Lather, Rinse, Retweet
On Sharing the Joy
Atchison, Kansas, (ZENIT.org) Dr. Edward Mulholland | 1066 hits
The third week of Advent, the week of the rose candle and Gaudete Sunday, is a good thermometer of how your Advent is going. It is often a week of office Christmas parties and nervous clicking on “express shipping” icons. But there is a sure fire way to know if you are rejoicing about something.
The weeks of Advent have a logic to them, a spiritual rhythm. The first Sunday is our wake up call, when we are told to “throw off the works of darkness and put on the armor of light” (Romans 13:12). We are told to be watchful and prepared for the Lord who comes like a thief in the night. I can’t help remembering an old commercial for Zest soap, whose selling point was the fact that its zesty scent somehow helps you wake up.
Whatever the rousing virtues of your toiletries, the emphasis is on our own action, the active purification we must undertake to cleanse our souls for Christ’s coming. Advent week one is “lather.”
By the second purple candle, we should have scrubbed and scratched and loufa-ed spots we haven’t hit in a while. The emphasis in week two is on letting God’s action work in us. John the Baptist calls us to a baptism of repentance, and we are to come forward and let the water cascade over us, already anticipating the celebration of Christ’s coming where “there shall be no harm or ruin on all my holy mountain; for the earth shall be filled with knowledge of the Lord, as water covers the sea” (Isaiah 11:9).
As I tell my New Testament Greek class, “baptism,” when you parse out each part of the word, means “dunkification.” So the second week of Advent is a good thorough “rinse.”
And, since our purification is well under way and we see our former ways circling down the drain, in whichever direction our hemisphere demands, we can allow ourselves a moment to feel good about what God is doing in our lives, with our willing cooperation.
But there is feeling good and there is rejoicing. There is a half-smile and there is a happiness so amazing that it is incomplete when kept to oneself.
Back in 2001, when I lived in my native New York, we had a rough autumn if you recall. It seemed like everyone you met had lost someone on 9/11. My older brother lost several friends, including one of the groomsmen at his wedding. And the city rallied around the rallying New York Yankees who had a playoff run filled with last minute heroics.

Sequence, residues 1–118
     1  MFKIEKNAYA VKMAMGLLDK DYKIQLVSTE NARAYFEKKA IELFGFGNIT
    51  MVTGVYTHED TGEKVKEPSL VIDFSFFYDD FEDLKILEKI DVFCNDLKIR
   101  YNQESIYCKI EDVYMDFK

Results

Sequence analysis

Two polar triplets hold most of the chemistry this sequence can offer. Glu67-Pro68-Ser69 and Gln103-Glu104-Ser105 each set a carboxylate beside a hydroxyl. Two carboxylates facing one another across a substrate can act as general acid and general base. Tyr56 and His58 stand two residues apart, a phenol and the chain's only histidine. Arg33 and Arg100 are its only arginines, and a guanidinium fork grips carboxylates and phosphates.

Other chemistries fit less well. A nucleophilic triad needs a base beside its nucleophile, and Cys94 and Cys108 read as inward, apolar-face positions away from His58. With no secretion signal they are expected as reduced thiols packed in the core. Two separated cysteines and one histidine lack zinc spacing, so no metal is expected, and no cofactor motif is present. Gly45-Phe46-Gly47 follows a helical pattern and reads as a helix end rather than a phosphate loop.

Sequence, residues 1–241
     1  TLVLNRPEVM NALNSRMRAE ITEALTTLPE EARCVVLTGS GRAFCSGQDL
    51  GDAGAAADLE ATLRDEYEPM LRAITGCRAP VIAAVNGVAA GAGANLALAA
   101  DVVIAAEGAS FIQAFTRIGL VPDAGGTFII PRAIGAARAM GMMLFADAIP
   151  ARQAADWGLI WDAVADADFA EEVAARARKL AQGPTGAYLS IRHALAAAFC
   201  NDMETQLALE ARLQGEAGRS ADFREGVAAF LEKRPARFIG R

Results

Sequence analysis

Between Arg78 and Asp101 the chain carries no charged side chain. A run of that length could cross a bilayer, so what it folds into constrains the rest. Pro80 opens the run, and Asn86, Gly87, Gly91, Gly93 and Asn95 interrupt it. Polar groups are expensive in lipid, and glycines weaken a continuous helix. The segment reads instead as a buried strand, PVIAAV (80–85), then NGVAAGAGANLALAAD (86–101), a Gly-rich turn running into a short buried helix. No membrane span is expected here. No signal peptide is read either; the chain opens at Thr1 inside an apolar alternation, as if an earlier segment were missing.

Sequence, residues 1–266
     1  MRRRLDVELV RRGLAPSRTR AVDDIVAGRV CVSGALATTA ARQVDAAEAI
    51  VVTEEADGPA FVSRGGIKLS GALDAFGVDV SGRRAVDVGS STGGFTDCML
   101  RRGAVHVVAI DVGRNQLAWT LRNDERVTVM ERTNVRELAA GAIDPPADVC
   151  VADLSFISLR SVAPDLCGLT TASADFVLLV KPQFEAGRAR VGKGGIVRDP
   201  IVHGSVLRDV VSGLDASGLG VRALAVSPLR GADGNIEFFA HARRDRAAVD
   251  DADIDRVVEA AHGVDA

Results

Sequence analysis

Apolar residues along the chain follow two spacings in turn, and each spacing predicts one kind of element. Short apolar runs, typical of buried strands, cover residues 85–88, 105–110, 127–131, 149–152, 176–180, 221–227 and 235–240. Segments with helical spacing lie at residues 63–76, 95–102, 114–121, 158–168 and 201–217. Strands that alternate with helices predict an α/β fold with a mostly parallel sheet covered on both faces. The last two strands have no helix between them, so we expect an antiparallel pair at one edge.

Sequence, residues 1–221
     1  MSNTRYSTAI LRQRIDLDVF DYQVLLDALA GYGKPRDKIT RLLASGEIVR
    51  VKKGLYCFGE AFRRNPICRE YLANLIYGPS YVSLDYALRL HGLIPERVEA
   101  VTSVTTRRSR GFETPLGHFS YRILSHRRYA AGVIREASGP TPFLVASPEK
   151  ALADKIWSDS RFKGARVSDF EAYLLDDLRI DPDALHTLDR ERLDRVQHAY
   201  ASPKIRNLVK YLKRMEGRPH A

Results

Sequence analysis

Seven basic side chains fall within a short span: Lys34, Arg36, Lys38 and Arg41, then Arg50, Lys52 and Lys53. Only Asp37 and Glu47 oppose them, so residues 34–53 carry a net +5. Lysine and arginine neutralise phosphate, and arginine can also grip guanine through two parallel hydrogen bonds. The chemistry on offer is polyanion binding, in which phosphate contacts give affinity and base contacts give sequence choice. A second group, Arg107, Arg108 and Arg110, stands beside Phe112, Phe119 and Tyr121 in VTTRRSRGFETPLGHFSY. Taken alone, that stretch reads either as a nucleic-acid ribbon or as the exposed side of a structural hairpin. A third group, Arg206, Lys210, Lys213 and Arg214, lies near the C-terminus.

I was in the basement of my house, watching game seven of the ALCS. Valerie, who watches sports for the same reason I watch chick-flicks (just to spend time with a spouse,) had fallen asleep in the 6th inning. It was the 11th inning. Aaron Boone hit a homerun off Boston’s Tim Wakefield and sent the Yankees to the World Series. I was jumping around in silence in my basement. About five minutes later, my brother called, saying, “I’m in Minneapolis on business, alone in a bar watching the game. Nobody realizes how amazing that just was.” My joy was not complete until that moment. It was a bonding moment I will remember forever.
Christ’s coming causes a joy like that. We were toast. By all rights, we were condemned. And He comes and wins the victory, and gives us hope. That is something to shout to the world, to share with the world, to complete our own joy by sharing how amazing that is.
Pope Francis, in his Sunday Angelus message, said “Now we are able to reopen our eyes, to overcome sadness and tears and to intone a new song. And this true joy remains even amidst trials, even in suffering, because it is not a superficial joy, but descends into the depth of the person who entrust himself to God and confides in Him.”
Yes, the Yankees lost that World Series. It was not a long-lasting joy. But the joy of Christ is eternal, and gives light even when life is throwing us knuckleballs.
Now it is 2013 not 2001, and there is a new way to see whether something is a joy to you. Did you retweet it? That seems to be the way people share joy these days. “This is funny enough for me to share.” “This is interesting enough for me to share.” And you share it with your followers (since Twitter makes everyone a guru…)
Is what God is doing in our lives something we are telling people about? It isn’t being preachy, it’s rejoicing. I saw a great movie, I read an awesome book (or blog post!), I whipped up a delectable recipe, and I want to share it with you because I care about you. And when I do, my joy gets even bigger, and the bond between us grows.
Lather, rinse, retweet. Cutesy, yes, but true.
Such is the rhythm of the first weeks of Advent. How do you plan to share the joy?